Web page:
Duo Magazine

What does ‘success’ mean to you?

You know, this keeps changing. Before I was published, having a book accepted was my burning obsession, but then that wasn’t enough. I wanted to hear glowing comments from readers, to win awards and make bestseller lists. Now, with those achievements behind me, I’m looking more at the big picture of my life and I know that friendship and family are more important than any career. However, I’m not feeling jaded about my writing. I still wait with baited breath when I send in a manuscript and I still get excited when the author copies of my books arrive in the post. I try to make each book better than the last and always, always, I hope to touch readers’ hearts. That’s the success I secretly crave.

What do you get sentimental about or what always makes you teary?

Maybe it’s because I’m a former teacher and a mum, but I always get choked up when I see children trying really, really hard at something, especially when they’re en masse –in choirs, ballet class, on the soccer field … that intense concentration and innate desire to please adults and to ‘get it right’ touches me every time.

Where do you get inspiration for your Mills & Boons romances?

Well… when you’re accepted as a Mills and Boon author the editors implant special sensors in your brain… No seriously, I think I do keep my antennae on full alert for anything remotely suitable for a romance story. I get my ideas from everywhere… images I see in real life, pictures, music, lines from songs, newspaper stories. I was sitting at the end of the Magnetic Island jetty once, and I saw this gorgeous, tall, dark and handsome man coming off the ferry, carrying a baby doll… A baby doll! Why? I wanted to know and my imagination kicked in and supplied possible answers. That’s how an idea might be born, but the image might sit on the back burner for months, even years, before it grows into a fully realized story.

What’s the most romantic thing that’s happened to you in real life?

My husband is wonderfully romantic. Every day in little ways he shows me how much he loves me. And not just with kisses and cuddles – he cooks dinner and helps with housework and reads my manuscripts, even brainstorms story ideas when I’m stuck. He’s my perfect partner. We’ve had our share of ups and downs and worries, but our life still feels like an adventure and I find that very romantic.

If you had to pick one life event that’s changed you the most, what would it be and how has it changed you?

I think I’d have to say that the phone call from the Mills and Boon editor in London was the most exciting moment of my life. It was Friday the thirteenth, and I was preparing the evening meal and the whole family was dancing around me while I tried to take in the news. I couldn’t stop smiling for a week. I’d worked so hard, had suffered rejections and I wanted to become an author so – so much. It changed how I felt about myself, because I’ve never been brimming with confidence, but I knew how many thousands of manuscripts were submitted for publication every year and mine was one of the very few selected. And they wanted more! I honestly felt as if I’d found what I was meant to do with my life.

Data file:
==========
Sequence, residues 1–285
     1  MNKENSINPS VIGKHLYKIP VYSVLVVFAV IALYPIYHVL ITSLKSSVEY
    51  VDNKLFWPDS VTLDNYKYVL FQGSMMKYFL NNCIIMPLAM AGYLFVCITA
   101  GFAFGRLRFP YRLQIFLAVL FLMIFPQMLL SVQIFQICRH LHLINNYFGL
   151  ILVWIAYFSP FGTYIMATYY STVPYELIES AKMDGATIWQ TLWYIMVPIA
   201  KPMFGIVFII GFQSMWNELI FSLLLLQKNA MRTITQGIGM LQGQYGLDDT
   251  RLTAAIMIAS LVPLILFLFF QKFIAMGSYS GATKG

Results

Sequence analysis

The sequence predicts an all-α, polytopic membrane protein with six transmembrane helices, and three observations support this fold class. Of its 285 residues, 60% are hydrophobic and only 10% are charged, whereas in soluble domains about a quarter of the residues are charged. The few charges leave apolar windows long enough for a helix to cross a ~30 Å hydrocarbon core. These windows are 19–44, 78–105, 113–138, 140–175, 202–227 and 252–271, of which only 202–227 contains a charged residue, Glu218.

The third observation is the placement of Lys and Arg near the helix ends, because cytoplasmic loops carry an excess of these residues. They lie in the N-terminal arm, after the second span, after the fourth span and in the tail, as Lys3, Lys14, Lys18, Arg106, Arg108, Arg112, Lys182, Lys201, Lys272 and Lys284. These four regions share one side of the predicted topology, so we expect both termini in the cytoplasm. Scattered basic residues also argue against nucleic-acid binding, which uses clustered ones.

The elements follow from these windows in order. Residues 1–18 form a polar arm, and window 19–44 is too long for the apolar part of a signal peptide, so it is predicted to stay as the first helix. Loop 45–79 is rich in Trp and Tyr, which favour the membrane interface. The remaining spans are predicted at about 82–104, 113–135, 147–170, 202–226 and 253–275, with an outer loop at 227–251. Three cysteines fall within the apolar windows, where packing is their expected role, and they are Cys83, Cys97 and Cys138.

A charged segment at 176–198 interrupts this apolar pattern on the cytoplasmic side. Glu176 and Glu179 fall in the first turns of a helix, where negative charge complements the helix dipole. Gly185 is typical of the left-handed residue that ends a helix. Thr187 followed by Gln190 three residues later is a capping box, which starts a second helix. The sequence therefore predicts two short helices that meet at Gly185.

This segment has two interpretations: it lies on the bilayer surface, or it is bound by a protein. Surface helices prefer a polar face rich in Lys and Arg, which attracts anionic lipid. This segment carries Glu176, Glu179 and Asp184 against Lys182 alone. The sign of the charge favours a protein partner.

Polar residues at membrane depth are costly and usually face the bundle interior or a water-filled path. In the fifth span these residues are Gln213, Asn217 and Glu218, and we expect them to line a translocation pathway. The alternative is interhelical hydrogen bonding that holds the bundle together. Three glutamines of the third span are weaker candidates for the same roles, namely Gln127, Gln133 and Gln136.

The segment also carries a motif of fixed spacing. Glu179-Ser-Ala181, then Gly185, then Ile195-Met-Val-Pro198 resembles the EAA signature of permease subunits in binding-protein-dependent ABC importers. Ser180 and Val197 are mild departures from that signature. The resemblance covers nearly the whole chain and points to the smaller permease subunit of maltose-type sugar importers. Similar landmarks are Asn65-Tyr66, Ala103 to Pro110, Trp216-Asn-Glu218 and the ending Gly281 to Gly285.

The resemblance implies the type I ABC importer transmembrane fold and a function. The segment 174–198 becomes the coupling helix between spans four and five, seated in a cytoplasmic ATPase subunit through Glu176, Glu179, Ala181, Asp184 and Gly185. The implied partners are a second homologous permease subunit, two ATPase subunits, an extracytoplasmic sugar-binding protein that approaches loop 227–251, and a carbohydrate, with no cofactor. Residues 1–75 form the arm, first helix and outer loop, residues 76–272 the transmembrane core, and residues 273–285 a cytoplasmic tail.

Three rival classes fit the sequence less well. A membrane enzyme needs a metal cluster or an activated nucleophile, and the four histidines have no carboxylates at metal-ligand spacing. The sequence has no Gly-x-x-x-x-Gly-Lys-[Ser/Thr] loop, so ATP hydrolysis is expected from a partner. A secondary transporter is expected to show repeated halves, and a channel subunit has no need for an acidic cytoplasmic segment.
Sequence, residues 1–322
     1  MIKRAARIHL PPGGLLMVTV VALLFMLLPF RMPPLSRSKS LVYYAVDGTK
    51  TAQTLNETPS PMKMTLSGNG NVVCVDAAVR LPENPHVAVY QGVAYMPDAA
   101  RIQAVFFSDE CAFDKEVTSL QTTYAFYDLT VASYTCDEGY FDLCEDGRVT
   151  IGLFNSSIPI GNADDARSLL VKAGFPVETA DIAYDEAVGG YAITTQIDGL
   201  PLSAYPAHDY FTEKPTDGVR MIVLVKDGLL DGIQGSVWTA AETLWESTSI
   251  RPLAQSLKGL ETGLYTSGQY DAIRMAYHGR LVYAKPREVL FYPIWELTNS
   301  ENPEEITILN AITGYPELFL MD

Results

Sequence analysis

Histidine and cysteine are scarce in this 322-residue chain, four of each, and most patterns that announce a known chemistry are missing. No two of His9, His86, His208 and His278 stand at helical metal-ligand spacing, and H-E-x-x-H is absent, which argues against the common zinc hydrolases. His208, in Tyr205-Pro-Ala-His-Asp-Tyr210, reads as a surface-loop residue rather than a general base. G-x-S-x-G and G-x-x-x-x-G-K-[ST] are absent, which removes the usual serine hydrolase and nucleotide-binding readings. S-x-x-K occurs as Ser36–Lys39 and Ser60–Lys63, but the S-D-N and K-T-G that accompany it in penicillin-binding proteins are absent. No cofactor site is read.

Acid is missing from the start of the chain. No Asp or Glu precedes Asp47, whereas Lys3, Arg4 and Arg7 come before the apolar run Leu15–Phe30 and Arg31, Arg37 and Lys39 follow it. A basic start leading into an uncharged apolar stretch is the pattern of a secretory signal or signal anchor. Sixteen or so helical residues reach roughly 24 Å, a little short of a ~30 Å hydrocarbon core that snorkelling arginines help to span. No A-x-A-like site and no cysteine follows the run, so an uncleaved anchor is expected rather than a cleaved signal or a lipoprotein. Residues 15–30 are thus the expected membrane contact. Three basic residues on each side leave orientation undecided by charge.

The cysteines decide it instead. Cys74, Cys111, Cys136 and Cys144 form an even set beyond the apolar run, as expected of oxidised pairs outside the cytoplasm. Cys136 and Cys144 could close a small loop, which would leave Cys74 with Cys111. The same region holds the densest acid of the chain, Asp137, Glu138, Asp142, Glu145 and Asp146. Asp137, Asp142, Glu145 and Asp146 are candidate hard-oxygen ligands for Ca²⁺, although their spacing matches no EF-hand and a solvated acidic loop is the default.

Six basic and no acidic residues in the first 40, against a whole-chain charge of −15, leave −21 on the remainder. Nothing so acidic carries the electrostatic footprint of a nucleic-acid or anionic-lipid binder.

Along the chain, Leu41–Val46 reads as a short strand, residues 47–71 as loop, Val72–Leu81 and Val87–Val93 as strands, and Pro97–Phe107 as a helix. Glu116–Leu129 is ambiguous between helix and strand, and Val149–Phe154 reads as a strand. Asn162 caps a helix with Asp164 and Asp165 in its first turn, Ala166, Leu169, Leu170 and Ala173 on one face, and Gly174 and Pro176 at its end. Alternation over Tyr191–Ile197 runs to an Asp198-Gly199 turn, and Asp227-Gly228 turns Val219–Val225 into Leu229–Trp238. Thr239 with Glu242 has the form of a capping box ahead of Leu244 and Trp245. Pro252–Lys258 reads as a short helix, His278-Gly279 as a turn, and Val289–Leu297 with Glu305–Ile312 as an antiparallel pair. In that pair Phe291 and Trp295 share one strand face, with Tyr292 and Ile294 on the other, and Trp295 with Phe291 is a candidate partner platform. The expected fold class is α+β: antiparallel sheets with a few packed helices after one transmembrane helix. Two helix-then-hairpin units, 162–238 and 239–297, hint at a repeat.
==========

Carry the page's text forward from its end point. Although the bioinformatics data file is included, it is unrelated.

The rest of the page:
What’s the biggest risk you’ve taken lately?

Leaving the security of my full time teaching job felt risky. There are lots of uncertainties in a writing career and I felt as if I’d pushed off from the shore without a mooring rope. But I also knew that if I wanted to succeed as a writer, I had to throw all my energy into it. Luckily, my husband fully supported my decision. His faith in my abilities helped to calm the doubt devils and now I love my life as a full time author.

What’s the strangest dream you’ve had in a while?

For some reason I still have the occasional dream that I’ve had another baby, which is completely weird considering that I’m a grandmother past my conceive-by date and I have four grown up children. But I’ve heard that dreams about pregnancy are closely tied to creativity and I’m always giving birth to new characters and stories, so perhaps it’s not so surprising.

What’s your most embarrassing moment?

In high school, I sent a boy a handmade Valentine's Day card. I was embarrassed from the moment I dropped it in the post, but even more so when he never showed the slightest flicker of recognition, never let on that he received it. I suffered excruciating embarrassment, have never sent or received a Valentine's Day card since. (Woops -- that's a lie. I received a lovely card this week from my editors!!)

What’s the best gift you’ve ever received?

 When I was seven years old I received the book “Seven Little Australians” for Christmas. I was immediately swept away, totally enchanted by those characters, enraptured by spirited, naughty Judy and completely, utterly devastated when she died. That book taught me, at a very early age, the power of story to transport a reader into another reality. Stories can teach and inform as well as entertain. Through stories we can experience a wide range of emotions vicariously, safely. Stories have been an important part of my life ever since.

What’s the best thing about being a woman?

 Is there any one best thing? I really love everything girly… clothes, make up, perfume, crying over soppy movies, flowers, gossip, babies … I adore pink! I grew up in a family of girls and so did my mother, so my exposure to boys and men in my childhood was quite limited, I guess. But I remember at any early age being very glad to be a girl and I’ve never changed that opinion. Actually, I think the thing I love best is that I can really appreciate how DIFFERENT guys are! I am fascinated by the physical, mental and emotional disparity between the sexes and I get to write about this wonderful difference every day.

 

 

 

 

 

 

 

 

 

 

             
     
     
 

 

 

 
     
     
       

 

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